Never did I think that hope for the future of our planet would come from the world’s biggest fast-food villain. I know, it may seem like a stretch, but we shouldn’t underestimate the significance of this apparently small step.
The negative effects of industrial farming and meat consumption are well-documented. For the individual, the health consequences are becoming undeniable. Processed red meat (such as hot dogs, sausages and yes, unfortunately, bacon) are now classified as a Group 1 carcinogen, in the same murderous company as tobacco and asbestos. Fresh or cooked red meat has been bumped up to a Group 2A carcinogen, with many studies linking it to increased rates of various deadly cancers.
In addition to these personal health concerns, widespread meat production leaves us with serious moral questions and devastating environmental consequences. This article by George Monibot at The Guardian is an informative and scathing take on factory farming, a compelling critique of the moral and practical failings of our practice of raising and killing and eating animals on a mass scale.
When we learn that approximately twice the amount of land is used for raising livestock as is used for growing food crops, yet that for “every 100 calories of human edible cereals fed to farm animals, just 17-30 calories enter the human food chain as milk or meat”, we begin to get a view of just how much our habit of meat consumption is absurdly wasteful. Especially when we consider how many of our fellow humans are still are left without food every day.
The ways in which we negatively transform our landscape and ecosystems to maintain this way of feeding ourselves is astounding. From habitat and biodiversity loss (90% of Amazon rainforest deforestation has been for meat production), to soil erosion (estimates predict running out of usable top-soil in 60 years), to pesticide toxicity and water pollution, we are literally disfiguring and poisoning our planet and ourselves, all just to continue having easy access to $2 cheeseburgers.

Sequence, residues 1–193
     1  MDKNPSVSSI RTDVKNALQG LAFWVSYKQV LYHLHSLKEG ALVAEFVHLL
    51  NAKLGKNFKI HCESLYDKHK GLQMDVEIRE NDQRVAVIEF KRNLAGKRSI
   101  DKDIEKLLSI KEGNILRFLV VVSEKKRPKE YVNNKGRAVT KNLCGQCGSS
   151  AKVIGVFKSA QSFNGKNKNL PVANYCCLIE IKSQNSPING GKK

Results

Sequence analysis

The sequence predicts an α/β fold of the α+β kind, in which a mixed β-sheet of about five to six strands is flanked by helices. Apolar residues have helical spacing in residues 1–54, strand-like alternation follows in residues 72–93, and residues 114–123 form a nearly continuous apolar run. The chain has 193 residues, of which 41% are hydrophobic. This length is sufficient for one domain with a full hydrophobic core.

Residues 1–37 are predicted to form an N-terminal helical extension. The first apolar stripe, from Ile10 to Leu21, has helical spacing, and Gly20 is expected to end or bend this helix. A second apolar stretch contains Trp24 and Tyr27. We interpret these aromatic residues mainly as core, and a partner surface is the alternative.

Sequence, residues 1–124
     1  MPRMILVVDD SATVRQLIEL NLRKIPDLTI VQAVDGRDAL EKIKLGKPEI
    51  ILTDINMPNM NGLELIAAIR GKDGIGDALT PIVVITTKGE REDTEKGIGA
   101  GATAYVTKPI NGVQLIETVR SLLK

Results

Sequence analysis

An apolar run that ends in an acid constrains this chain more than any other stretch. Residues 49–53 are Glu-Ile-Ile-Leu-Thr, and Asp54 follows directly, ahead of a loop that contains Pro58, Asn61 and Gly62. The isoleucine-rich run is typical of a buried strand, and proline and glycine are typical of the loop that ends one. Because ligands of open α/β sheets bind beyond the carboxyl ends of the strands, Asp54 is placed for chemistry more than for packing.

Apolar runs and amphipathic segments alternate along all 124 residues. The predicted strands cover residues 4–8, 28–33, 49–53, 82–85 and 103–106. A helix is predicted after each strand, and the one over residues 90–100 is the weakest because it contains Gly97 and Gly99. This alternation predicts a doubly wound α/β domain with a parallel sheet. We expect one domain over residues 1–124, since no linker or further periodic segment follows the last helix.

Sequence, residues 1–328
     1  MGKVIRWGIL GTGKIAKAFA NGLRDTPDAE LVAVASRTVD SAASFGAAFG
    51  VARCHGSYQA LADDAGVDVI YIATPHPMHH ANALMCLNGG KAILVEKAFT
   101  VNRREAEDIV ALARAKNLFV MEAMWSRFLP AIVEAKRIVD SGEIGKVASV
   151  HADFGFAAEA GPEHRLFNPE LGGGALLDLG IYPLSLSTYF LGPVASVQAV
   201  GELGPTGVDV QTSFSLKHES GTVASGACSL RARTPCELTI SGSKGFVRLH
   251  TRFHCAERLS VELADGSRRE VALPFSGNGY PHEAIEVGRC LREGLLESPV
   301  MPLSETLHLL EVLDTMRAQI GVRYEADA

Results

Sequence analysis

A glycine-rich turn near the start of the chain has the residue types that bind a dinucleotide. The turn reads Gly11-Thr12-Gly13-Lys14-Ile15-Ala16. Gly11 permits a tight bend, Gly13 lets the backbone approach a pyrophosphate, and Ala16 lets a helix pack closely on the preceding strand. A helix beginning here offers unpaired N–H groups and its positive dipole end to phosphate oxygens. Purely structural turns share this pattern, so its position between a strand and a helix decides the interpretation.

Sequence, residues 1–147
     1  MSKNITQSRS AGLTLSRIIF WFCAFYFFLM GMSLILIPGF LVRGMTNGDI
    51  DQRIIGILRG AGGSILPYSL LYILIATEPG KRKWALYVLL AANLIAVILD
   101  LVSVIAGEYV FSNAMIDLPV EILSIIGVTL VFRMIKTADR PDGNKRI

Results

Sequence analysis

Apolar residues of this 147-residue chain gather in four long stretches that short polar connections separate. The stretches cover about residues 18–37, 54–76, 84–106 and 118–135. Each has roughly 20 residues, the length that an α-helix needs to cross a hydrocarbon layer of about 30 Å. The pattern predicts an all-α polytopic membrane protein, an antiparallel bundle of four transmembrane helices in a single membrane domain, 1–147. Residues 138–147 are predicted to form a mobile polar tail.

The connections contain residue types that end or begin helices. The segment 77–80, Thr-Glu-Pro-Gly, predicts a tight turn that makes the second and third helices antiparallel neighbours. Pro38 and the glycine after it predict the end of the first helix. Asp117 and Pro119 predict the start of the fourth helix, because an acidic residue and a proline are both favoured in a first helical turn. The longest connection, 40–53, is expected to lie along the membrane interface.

It’s not sustainable. And it’s not reasonable. We in the west have been raised in a new world of previously unknown plenty, taking what used to be a luxury (eating meat) and making it a supposedly cheap commodity. But it’s not cheap. There are countless hidden costs, from negative health effects and corporate subsidies that government budgets must assume, to insidious environmental externalities that are never included in the price tag we think we are paying.
This model was built in a time when we thought burning oil was harmless and the Earth was indestructible. But now we know differently. And if China or India or Africa move their populations towards this western standard of living and eating, then we will be in very serious trouble.
And that’s why the McDonald’s headline was good news. When a corporation of that size – one whose image and success was built on limitless cheap meat – decides it’s a good business decision to replace a meat product with a vegan one, it shows that the numbers make sense. It means that there are enough consumers asking for something else, enough of the population moving away from meat for all the moral and practical reasons mentioned above.
According to a report compiled by the Vegan Society, the number of UK residents now living on a plant-based diet has more than tripled since 2006. And according to a report from Global Data, the US has seen a 600% increase in people identifying as vegan.
This trend towards plant-based living, along signs that China is investing heavily in artificial, lab-grown meat, is a positive sign that education and information is having real-world effects, changing people’s perspectives on what is available and acceptable and ethical.
The problems are still very serious and the stakes ultimately high, but through conversation and evolution we may be able to shift ways of thinking — and eating – and in turn, help heal our planet.
Jason Najum is a freelance writer and editor. Follow him @jasonnajum